Off roading in Big Bend National Park

isn’t the type of off roading that I typically think of. There aren’t tons of rocks to crawl over, canyons or drive through, or high peaks that reveal views. No, in fact off roading in Big Bend is quite different. Big Bend is part of the Chihuahuan desert, the very Northern part to be exact. The Chihuahuan desert stretches from North Central Mexico, all the way into the United States. While this desert is home to a few mountain ranges, the southern area of Big Bend is what I picture as the classic desert.

Mile after mile of desert sand, small shrubs, and the occasional sloping mounds. The one respite this part of Big Bend National Park offers is the beautiful Rio Grande River. River Road, the name of the primary road that stretches from West to East in the park, varies in distance from the river. The river is easy to spot most of the time thanks to the amount of green fauna growing around the banks. In the distance, you’ll likely spot the cliffs on the Southern Border of the river which lie in Mexico.

View of a horse shoe bend in the Rio Grande River while off roading in Big Bend National Park

River Road in Big Bend

runs all the way across the Southern end of the park. In total, this drive will take you more than 60 miles off road through beautiful desert scenery. With views of the Chisos Mountains to the North and the Rio Grande and Mexico to the South, there is plenty to keep your eyes searching. The 3rd Gen Toyota 4Runner we took off roading performed flawlessly. Our gear rode safely in the trunk thanks to the awesome storage system I had built only a few weeks prior. At times we traveled at a crawl, slowly rolling over large bumps and rocks, and at other times we flew along at 50 miles per hour over soft sand in the flats.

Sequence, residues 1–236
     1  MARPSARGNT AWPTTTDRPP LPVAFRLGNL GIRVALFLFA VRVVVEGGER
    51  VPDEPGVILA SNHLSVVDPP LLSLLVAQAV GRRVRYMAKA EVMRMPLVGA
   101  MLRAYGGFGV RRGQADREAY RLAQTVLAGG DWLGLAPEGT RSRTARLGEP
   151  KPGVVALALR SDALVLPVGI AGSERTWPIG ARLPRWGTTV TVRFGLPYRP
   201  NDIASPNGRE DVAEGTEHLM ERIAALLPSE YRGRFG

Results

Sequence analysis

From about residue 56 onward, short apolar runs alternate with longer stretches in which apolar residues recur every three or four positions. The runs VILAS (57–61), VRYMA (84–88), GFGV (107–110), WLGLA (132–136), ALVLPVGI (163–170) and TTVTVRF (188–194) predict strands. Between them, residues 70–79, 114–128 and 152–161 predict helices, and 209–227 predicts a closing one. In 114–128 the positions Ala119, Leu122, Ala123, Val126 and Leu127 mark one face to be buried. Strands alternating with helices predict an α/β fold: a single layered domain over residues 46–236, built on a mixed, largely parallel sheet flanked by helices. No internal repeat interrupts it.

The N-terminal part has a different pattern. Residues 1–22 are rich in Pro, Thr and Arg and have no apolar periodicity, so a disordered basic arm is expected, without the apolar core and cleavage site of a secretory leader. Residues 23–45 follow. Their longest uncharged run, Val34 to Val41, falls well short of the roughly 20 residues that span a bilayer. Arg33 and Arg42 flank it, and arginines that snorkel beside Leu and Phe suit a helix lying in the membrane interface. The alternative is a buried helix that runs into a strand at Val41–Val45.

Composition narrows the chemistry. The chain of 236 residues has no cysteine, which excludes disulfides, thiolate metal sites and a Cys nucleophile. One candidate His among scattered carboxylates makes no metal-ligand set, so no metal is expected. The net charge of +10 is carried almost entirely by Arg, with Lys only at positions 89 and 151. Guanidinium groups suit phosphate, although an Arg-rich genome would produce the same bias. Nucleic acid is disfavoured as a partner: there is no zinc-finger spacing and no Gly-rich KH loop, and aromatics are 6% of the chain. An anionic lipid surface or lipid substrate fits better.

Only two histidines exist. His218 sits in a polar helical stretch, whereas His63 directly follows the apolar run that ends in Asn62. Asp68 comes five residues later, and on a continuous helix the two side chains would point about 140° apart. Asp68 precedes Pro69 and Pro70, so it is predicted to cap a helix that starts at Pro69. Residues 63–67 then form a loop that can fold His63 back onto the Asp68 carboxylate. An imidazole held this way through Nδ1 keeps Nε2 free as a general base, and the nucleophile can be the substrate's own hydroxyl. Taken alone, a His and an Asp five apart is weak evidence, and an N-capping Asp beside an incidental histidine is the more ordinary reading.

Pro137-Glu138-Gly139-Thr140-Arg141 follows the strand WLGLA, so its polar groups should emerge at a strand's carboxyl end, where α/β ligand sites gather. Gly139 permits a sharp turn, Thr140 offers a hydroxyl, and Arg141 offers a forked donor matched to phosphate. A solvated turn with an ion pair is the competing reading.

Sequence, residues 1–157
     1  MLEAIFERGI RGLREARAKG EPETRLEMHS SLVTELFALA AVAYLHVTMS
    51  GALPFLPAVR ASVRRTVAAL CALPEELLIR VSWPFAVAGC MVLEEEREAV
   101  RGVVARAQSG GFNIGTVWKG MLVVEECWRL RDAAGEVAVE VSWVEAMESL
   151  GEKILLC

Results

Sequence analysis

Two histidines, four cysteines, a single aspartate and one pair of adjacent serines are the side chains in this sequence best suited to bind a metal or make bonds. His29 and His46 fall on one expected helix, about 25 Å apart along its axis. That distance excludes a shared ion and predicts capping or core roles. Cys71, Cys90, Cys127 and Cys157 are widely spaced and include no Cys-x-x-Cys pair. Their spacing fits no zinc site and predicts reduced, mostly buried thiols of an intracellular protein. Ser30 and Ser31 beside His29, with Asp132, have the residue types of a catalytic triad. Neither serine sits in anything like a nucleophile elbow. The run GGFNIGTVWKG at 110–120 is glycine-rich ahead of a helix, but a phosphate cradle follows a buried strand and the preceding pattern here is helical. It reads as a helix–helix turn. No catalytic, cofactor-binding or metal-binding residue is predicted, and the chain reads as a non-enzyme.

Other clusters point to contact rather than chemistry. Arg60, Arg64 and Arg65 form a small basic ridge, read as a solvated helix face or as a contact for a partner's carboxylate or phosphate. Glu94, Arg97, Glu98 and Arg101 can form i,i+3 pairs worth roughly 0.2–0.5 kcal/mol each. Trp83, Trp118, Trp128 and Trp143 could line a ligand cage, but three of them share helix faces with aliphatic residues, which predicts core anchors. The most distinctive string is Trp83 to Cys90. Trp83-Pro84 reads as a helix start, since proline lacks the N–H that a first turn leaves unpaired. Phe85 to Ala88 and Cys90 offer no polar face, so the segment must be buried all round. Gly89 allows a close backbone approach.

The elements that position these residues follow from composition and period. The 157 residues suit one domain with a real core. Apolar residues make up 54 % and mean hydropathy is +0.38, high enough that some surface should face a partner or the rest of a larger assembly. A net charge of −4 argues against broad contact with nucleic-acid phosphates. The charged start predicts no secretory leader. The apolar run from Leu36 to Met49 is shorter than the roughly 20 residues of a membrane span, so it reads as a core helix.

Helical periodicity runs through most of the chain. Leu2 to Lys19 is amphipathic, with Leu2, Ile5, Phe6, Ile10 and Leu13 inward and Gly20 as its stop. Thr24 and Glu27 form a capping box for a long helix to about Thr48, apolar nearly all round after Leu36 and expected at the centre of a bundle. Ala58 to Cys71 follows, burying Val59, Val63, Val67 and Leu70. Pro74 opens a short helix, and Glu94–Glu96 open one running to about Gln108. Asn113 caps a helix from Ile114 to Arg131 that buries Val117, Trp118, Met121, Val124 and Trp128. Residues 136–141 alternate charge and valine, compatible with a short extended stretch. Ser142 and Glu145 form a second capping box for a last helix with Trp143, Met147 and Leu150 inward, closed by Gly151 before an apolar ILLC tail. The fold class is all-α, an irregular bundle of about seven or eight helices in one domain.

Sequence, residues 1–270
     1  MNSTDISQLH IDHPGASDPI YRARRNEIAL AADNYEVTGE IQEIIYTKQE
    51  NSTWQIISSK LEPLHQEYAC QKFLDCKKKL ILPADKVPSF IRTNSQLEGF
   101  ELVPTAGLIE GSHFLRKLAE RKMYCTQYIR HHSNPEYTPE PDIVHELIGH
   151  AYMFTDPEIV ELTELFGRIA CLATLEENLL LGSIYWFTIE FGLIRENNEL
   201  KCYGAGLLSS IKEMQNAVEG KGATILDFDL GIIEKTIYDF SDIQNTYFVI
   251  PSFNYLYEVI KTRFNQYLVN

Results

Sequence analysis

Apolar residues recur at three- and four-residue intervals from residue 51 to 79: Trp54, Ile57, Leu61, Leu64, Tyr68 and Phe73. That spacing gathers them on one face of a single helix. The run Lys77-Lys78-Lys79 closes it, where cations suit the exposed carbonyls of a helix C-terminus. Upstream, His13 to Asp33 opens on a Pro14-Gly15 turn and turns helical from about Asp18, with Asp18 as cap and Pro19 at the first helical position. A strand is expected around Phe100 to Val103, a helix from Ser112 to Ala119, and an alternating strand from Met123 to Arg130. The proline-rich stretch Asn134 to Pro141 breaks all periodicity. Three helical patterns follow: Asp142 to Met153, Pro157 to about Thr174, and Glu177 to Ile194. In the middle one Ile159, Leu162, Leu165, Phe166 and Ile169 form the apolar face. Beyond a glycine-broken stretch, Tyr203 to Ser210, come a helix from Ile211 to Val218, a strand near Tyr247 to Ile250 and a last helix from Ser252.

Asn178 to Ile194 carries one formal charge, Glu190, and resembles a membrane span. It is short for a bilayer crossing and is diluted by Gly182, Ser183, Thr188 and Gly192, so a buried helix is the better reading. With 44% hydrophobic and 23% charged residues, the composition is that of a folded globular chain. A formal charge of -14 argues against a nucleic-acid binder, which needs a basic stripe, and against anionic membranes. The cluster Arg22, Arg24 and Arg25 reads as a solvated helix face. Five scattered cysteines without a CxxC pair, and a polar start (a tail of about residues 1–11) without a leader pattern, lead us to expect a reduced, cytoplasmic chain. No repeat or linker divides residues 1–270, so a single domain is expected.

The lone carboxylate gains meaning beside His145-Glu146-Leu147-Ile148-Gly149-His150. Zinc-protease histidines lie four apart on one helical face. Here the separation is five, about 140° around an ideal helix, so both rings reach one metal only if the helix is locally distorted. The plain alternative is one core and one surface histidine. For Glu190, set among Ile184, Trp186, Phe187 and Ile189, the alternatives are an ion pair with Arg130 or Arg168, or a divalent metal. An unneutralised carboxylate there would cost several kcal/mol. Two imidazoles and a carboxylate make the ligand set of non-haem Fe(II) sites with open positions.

Along the way we were lucky to find amazing views of the South Rim, wild horses, other desert creatures that were too fast for us to be able to photograph.

Campsite Talley #4

was our final destination. We launched into the off roading experience just after 2pm on Saturday. We would spend the next 4 hours traversing the greater part of the park. The desert was decently well traveled that day. We crossed no less than 6 other vehicles headed from East to West. Areas to pull to the side were not that hard to come by, given that you’re in a desert. No one else had their windows down like we did though. Who knows why! (kidding…SO dusty).

The most difficult run in we had with another vehicle was heading south on Talley road. A single lane, double rut road with 4 foot sloped walls on either side for at least 1 mile, we met a 70’s yellow land cruiser smack in the middle. Thankfully, the 4 wheel drive of the 4runner was up to the task of climbing the side wall!

The campsite itself sat right on top of the Rio Grande. In fact, less than 5 years ago both Talley #3 and #4 were wiped out during floods. It appears that as the river claims back the bank on the North side, these campsites continually move further North.

We had arrived just in time for the last hour of sunlight. We spent it enjoying some time in the frigid water, and exploring the very most Southern point in the entirety of Big Bend. Muddy ground, unique plants, a plethora of wildlife tracks, and some conspicuously placed water jugs were all found during our short exploration.

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